Awokz

Brass Rivets / Buckles

7 posts in this topic

Hello LW community, I am new here and learning this beautiful craft. I just bought a few tools from Tandy after watching many YouTube videos and reading the forum. This is my first post here and hopefully not the last (both asking and helping).

Saying that, I will start by asking a question in regards to belt buckles, rivets, etc... from Tandy:

Are those rivets, belt buckles and all those materials that says "brass color" are actually brass? Also, when they put "nickle plated" what materials are they really made of? 

I am asking this because first, someday I want to make belts with premium or "real" materials and second, I'm afraid of my belts and holster getting rust later on.

I also would like to buy belt buckles from different shape and sizes, where is a good place to buy them?

Thank you all in advance.

 

 

 

Edited by Awokz

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Hopefully you did this before you found your money wasted?  The amount of "electro-plated" brass that gets mislabelled and/or misquoted as "brass" is one of the "learning curves" in starting out.

Perennial problem you have identified . . how in a world of mass produced junk do we find even simple things like quality rivets to ensure our produce is spot on.  You can find genuine brass eyelets but genuine brass rivets - sometimes copper is quoted too - are often expensive and an entirely different form of rivet if you are seeking the popular tubular rivet with cap.  Be suspicious of eyelets and rivets that are quoted as stainless steel too . . s/s is a fragile material for this application and most on sale is actually nickel plated steel.

This is a subject that has prompted me to use solid copper rivets - sometimes called hose rivets - in my work.  Some don't like them, others might say they're a bit over-kill but I know they'll never come apart and they are genuine base metal.  One of my "signatures" I suppose.  The attached photo shows them being used on VERY thick hide.

Prototype_tawses_1.jpg

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I only buy double cap rivets from Weaver and Springfield Leather. There are a few more suppliers I would trust when buying solid brass or nickel over brass rivets. When I started I used plated rivets on my own projects and saw how quickly the finish wore off during the course of the year. I also prefer rivet and burrs for my major attachment points. I use both copper and brass dependent on matching the rest of the hardware of  my straps. I guess you can say I formed a mistrust of double cap rivets early on. Most likely to my own misunderstanding on how to properly set them in the beginning, however I would rather have overkill and know ill never have any issues over hardware failure. 

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@JerseyFirefighter . . . an excellent response and you have identified the Achilles Heel of the "double cap" or "tubular" rivet . . it is possible for this rivet to appear sound but actually not be entirely correctly fitted. Hiding it's workings inside the tube means you can't offer a 100% guarantee . . oh, it's not as if you can't assemble the solid copper rivet and copper burr badly either . . but you do get to see you've failed in technique so have to chance to replace it.  Even when badly applied these rivets are horrendous to remove!  Even when supposedly failed they won't fail! :bike:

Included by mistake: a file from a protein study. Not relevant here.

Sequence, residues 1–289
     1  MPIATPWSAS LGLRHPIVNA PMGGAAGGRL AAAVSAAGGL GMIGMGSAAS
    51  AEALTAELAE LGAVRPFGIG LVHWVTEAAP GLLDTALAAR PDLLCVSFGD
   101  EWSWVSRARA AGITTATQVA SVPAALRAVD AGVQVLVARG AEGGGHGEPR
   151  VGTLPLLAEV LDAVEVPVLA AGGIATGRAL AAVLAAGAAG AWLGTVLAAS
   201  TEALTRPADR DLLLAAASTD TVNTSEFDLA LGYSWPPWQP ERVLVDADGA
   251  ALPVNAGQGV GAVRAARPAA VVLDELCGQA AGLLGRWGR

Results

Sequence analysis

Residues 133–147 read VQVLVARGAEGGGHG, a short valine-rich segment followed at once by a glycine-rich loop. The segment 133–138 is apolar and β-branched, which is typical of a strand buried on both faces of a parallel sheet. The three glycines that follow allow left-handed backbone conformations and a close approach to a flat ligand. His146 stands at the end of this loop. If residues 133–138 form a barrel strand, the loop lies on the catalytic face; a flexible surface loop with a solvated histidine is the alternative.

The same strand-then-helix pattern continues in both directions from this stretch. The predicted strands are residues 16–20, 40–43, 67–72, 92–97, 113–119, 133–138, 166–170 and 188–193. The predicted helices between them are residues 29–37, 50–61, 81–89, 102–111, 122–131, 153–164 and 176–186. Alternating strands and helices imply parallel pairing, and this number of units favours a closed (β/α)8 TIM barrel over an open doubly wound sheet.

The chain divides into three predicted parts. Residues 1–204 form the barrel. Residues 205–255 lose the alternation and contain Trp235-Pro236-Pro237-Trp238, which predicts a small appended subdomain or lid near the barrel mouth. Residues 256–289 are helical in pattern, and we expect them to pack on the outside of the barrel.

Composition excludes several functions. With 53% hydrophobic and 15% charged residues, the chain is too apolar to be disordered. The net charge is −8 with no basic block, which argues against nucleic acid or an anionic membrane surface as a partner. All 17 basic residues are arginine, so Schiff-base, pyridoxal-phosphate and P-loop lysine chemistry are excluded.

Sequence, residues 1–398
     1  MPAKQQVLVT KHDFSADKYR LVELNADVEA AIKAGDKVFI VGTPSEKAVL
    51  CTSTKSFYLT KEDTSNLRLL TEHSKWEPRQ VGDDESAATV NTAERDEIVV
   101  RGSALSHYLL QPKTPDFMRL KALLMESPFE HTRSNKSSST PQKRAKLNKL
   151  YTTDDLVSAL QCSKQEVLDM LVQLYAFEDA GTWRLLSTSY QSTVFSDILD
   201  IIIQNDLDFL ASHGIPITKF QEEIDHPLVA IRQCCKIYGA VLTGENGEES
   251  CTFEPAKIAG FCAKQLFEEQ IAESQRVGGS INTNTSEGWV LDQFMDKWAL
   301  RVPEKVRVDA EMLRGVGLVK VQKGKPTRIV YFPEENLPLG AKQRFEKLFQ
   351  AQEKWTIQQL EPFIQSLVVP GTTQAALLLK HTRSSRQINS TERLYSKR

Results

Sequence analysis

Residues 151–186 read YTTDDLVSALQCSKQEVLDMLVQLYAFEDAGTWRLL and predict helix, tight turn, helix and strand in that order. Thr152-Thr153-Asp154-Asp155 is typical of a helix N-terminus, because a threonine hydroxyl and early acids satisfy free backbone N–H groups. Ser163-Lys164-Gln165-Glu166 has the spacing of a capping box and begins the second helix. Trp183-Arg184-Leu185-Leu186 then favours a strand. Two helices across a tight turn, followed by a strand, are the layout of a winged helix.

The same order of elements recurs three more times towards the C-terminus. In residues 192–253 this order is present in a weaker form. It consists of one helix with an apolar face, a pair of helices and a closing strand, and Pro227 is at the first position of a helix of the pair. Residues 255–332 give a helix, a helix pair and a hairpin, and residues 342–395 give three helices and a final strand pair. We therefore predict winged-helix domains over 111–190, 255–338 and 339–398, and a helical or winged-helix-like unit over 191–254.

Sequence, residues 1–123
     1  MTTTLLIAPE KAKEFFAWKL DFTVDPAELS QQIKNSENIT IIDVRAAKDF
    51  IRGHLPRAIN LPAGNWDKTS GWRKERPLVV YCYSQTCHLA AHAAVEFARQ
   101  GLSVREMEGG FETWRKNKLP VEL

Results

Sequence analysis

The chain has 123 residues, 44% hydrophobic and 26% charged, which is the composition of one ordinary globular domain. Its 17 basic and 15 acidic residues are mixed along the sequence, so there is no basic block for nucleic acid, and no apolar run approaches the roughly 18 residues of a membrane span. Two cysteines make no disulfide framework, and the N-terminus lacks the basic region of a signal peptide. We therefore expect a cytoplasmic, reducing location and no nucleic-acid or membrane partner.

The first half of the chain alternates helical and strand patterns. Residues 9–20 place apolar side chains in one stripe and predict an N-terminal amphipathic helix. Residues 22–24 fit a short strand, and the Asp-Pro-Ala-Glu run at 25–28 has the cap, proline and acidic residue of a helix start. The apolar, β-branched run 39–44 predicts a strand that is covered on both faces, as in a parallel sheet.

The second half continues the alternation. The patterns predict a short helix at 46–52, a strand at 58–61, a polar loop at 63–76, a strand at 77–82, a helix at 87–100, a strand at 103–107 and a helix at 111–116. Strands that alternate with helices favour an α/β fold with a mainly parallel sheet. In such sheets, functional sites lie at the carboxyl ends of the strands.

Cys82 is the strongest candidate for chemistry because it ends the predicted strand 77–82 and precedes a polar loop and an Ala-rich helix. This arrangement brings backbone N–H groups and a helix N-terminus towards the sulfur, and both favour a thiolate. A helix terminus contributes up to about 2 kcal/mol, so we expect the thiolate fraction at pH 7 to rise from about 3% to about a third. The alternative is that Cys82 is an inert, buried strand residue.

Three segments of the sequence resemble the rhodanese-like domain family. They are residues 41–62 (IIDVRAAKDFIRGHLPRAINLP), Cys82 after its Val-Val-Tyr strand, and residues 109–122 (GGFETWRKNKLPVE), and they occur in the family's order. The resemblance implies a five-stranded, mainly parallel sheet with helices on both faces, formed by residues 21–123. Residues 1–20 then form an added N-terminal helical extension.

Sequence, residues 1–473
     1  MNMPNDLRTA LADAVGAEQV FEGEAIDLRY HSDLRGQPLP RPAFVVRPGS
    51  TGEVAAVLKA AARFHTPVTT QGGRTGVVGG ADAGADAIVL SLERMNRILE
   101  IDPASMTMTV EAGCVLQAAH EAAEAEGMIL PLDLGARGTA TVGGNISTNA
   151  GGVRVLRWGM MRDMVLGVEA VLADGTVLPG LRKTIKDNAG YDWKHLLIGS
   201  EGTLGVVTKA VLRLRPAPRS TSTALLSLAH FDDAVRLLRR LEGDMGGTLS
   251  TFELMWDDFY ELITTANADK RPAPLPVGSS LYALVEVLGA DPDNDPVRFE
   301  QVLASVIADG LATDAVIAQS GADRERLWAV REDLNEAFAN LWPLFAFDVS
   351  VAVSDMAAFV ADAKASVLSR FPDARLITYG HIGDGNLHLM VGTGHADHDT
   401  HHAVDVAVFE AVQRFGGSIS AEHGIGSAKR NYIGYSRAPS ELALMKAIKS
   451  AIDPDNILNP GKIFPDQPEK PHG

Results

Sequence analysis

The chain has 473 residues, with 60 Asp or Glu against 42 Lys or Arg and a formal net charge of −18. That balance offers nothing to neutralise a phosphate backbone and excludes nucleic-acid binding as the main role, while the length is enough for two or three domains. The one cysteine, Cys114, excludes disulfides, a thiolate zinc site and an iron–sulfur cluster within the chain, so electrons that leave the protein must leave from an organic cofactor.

There is one other mass produced rivet that I do use but that is down to a lucky purchase of the machine to use it correctly.  The bifurcated rivet.  Now, typically you see these being used by crafts-persons with no cap or with a washer around the "tails" before these are spread with a "vee headed hand punch" . . but they are really meant to be used with a cap.

The "cap" appears no different to any "double cap" rivet when fitted but it's entirely different.  Internally coned it spreads the tails of the rivet and then curls them under a brim.  You can't do this by hand though . . you need the machine for it that does this work so elegantly.  Mine is a foot operated press simply marked "British Made" and with "Size 2" but I believe it was made by Newey & Eyre who, in that companies origins, were one of the giants in the rivet world . . today the company has been sold on so many times it's name only is for an electrical wholesaler.  Sad. :(  I bought it from a private seller not sure of how to use it for GB£ 50 about 20 years ago . . today you'll not find it anywhere . . priceless.  I'll try to get some pix of it up here so that readers can see why this machine is so valuable because, at least in the North American continent, it may be found under other trade names.  For the moment here is a link to these rivets and caps for sale on Abbey England : http://abbeyengland.com/Store/List/0/CategoryID/419/Level/a

Negatives? Well like the "double cap" you can't see inside BUT set up the foot press properly and the whole operation is more fool-proof than using tubular rivets with a hand-setter . . the other is most of the rivets that can be sourced will be electro-plated ferrous metals . . though if you can bear the cost you could use a solid copper or alloy rivet with a standard cap?

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Thank you guys, Unfortunately i bought everything from Tandy (even the cheap leather) at least I have the military discount which is good. I'm still practicing I've done a few things, getting there.    

P.S. I bought an economy  special double shoulder that is 7/9 oz it's very uneven and doesn't smell good. But hey, needed something to practice. 

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